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Hole in the Earth

Did you ever dream of digging a hole so deep it came out the other side of the earth? Let's play that game again, using a little physics.

First we have to imagine that our tunnel is lined with super-heat-resistant material so we can pass through layers of molten rock. Also, the earth's core is a metal sphere 800 miles wide, but just pretend we've bored through it. What would be the result? For one thing, you could then travel to the other side of the world in under one hour. This by far exceeds the best travel times possible in any airplane or train. How? By stepping into the hole. You'd fall all the way through the earth and then step out again at the other side.

But wait! When you fall into a hole you just keep on picking up speed until you reach your maximum velocity or hit bottom. If this hole goes all the way through, wouldn't you fly out the other end like a cannonball? No. The reason you keep falling in a normal hole is that gravity is continuing to pull you in the direction of the earth's center. In our imaginary scenario, once you passed the midpoint of the earth, you would then be fighting gravity. All the speed you picked up on the way down would slowly diminish as you rose up the other side.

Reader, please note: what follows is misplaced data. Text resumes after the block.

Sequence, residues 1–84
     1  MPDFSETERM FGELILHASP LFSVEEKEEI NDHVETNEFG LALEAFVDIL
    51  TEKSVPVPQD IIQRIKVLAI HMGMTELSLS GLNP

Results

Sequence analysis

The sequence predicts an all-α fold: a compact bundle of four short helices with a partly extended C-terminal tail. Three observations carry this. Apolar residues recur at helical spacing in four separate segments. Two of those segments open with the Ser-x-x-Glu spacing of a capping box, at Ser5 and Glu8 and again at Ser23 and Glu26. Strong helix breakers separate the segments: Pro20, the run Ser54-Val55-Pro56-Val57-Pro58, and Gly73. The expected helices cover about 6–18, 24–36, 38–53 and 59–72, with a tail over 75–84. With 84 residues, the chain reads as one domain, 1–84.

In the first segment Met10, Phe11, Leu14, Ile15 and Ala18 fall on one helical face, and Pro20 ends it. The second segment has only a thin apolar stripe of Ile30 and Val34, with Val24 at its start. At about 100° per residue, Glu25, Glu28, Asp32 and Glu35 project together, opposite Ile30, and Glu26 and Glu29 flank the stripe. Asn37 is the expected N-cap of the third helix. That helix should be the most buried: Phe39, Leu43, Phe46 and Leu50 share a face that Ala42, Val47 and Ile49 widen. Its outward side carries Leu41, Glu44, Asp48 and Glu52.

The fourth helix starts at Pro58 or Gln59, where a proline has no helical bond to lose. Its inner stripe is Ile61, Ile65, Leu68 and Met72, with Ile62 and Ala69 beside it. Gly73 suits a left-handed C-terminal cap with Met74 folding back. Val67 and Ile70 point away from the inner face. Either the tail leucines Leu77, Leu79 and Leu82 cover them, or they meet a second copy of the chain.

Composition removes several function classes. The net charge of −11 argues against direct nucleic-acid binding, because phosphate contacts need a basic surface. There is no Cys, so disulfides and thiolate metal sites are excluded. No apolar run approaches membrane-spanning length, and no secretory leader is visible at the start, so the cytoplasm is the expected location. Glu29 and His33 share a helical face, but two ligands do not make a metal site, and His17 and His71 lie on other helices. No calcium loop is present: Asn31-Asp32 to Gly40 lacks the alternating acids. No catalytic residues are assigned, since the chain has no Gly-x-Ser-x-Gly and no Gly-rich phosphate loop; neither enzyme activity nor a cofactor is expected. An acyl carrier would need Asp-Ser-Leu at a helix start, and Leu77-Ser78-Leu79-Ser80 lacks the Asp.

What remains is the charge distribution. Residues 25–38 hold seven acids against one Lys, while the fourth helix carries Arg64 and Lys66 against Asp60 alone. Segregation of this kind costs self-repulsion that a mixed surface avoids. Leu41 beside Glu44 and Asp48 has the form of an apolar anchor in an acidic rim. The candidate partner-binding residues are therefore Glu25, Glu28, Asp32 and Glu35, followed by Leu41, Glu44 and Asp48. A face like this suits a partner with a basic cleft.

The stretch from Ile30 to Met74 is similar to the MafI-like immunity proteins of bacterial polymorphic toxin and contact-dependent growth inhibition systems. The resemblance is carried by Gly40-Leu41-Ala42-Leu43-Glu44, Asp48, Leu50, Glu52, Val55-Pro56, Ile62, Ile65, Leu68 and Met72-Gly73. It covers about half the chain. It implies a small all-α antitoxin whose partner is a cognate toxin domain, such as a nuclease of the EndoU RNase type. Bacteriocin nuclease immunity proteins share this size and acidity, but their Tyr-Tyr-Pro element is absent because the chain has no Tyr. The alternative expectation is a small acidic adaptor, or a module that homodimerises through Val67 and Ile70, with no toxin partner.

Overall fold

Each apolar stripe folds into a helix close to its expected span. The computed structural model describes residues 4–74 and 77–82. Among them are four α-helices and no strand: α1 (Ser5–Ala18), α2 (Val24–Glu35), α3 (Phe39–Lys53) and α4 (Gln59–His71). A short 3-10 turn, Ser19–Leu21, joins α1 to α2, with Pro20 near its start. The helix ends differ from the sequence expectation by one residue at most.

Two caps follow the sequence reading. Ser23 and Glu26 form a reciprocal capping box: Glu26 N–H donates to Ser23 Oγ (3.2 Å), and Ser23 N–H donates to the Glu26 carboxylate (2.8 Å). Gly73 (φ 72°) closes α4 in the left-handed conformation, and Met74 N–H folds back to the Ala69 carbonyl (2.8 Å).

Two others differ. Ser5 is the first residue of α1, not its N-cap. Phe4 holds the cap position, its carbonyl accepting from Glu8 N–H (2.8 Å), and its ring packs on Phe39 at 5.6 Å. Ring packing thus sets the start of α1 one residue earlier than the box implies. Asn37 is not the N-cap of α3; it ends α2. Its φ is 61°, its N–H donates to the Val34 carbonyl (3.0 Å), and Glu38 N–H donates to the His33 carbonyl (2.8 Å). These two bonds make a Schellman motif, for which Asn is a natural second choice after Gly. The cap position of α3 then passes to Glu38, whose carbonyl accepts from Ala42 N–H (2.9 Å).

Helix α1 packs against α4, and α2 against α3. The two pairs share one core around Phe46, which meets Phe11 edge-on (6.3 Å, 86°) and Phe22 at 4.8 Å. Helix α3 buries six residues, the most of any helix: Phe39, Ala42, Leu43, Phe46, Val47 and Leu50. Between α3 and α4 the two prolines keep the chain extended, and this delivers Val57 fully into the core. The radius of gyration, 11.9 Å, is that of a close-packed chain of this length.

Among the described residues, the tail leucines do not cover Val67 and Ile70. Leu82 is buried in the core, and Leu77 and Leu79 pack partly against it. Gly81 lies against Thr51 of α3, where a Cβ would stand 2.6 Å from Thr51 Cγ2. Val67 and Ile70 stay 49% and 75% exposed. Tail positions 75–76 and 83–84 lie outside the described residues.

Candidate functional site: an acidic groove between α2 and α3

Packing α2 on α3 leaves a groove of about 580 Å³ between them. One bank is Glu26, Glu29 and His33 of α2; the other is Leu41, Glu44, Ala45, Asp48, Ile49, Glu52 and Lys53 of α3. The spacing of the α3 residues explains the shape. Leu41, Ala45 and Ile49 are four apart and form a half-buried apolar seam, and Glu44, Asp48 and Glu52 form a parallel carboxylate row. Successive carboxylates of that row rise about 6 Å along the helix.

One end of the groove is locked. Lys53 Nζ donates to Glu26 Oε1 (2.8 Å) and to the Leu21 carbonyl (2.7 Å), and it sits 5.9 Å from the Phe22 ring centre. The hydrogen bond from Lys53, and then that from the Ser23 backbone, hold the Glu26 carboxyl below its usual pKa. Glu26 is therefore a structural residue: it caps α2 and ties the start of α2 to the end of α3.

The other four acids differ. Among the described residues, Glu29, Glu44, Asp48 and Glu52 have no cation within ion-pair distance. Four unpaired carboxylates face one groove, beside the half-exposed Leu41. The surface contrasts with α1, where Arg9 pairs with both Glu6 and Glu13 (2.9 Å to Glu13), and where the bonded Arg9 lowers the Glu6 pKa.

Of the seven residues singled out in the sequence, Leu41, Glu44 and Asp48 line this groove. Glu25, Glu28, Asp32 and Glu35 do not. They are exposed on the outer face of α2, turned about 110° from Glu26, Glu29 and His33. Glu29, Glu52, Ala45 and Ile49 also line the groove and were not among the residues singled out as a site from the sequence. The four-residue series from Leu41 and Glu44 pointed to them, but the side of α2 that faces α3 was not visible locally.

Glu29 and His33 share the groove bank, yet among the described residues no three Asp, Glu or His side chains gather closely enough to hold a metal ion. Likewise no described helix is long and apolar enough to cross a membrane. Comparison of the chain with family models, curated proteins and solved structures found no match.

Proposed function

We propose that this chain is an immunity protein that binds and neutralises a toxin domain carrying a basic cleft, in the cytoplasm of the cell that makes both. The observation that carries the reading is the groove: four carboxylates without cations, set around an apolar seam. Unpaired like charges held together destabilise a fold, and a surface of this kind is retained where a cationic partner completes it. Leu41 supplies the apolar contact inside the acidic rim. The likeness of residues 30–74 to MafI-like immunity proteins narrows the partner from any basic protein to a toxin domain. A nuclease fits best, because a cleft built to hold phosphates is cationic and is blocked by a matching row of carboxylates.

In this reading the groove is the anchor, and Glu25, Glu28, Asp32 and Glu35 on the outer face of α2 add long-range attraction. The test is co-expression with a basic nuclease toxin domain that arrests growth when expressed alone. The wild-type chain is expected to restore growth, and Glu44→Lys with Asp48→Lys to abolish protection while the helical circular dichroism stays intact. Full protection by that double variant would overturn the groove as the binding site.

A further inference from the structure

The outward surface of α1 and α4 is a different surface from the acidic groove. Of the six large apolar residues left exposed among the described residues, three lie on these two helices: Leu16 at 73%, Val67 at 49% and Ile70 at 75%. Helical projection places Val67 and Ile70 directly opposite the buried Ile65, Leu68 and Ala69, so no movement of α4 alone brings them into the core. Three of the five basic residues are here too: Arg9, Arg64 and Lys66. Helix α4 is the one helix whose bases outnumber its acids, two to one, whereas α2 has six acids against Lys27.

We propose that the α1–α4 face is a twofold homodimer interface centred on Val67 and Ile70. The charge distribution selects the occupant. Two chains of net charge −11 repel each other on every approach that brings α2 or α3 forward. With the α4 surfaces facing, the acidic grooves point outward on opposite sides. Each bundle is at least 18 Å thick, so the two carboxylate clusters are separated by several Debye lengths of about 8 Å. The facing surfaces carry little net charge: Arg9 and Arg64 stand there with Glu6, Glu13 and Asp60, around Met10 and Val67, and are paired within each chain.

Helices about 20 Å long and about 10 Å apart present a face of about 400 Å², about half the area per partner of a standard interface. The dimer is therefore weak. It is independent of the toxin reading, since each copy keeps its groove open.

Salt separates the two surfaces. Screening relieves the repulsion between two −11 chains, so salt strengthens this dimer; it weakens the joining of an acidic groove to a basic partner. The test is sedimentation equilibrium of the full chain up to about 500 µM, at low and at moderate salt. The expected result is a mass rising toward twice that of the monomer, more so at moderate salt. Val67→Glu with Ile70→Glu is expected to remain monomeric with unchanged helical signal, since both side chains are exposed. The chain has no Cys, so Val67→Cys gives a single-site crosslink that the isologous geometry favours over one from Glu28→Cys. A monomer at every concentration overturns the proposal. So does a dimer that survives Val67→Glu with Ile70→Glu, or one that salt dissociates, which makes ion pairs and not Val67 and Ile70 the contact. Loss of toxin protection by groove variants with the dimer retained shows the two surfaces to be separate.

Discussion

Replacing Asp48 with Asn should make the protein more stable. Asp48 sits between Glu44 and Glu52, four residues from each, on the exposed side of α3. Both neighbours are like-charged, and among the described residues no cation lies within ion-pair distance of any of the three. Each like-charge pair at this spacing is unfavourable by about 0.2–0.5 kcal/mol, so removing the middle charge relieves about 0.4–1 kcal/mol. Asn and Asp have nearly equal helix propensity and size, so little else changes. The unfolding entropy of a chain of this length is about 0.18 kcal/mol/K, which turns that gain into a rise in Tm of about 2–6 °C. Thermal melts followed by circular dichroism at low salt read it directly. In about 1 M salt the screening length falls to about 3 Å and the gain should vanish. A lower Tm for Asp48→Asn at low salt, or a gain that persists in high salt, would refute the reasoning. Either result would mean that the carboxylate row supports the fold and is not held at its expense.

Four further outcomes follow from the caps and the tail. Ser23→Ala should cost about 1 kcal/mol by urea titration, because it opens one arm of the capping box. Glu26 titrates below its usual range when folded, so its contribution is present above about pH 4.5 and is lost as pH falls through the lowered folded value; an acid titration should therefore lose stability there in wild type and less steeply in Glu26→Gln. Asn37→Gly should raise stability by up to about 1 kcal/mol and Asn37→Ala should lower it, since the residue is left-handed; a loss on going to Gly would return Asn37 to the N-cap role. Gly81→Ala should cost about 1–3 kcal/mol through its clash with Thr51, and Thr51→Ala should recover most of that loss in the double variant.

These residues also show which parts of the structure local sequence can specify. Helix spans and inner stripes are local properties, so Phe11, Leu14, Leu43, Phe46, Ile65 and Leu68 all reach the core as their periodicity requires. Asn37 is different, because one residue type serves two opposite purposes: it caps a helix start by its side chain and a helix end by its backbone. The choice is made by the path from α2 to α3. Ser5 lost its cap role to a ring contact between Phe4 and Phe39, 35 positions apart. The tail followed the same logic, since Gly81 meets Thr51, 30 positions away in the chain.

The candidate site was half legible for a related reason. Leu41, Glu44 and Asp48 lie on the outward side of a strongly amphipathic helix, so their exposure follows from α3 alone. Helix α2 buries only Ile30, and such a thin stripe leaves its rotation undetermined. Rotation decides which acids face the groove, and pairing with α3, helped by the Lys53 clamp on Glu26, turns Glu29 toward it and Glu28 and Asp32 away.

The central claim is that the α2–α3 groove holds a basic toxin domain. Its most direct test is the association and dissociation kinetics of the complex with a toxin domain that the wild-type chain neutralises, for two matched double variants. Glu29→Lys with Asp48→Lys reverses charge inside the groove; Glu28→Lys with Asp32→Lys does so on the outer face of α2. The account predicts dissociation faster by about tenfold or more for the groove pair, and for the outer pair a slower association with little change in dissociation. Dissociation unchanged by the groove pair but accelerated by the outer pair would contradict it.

Assuming there was no air resistance in the tunnel, your fall would send you past the center at roughly 18,000 MPH--almost exactly enough force to get to the top again. The trick comes in the "almost" part. It couldn't really be the case that you'd pick up exactly as much speed as would be needed to reach the same spot on the other side. Some energy always finds a way to escape. Think of swinging on a swing. If you just push off once and then sit still, the swing doesn't keep going back and forth forever. Gradually it slows down.

It's the same situation when you step into that hole. Down you go, and when you come out the other side, your feet will stop at slightly less than ground-level. If you miss your chance to grab onto something, you will fall though the entire planet again. Back at your starting place you rise slightly less than last time, and so on.

See the trouble? It would be a fast way to travel, but miss your step and you will wind up yo-yoing inside the tunnel, each time rising slightly less than the time before. Eventually you will stop moving altogether and be stuck in the middle--with a long climb home.

A Moment of Science®

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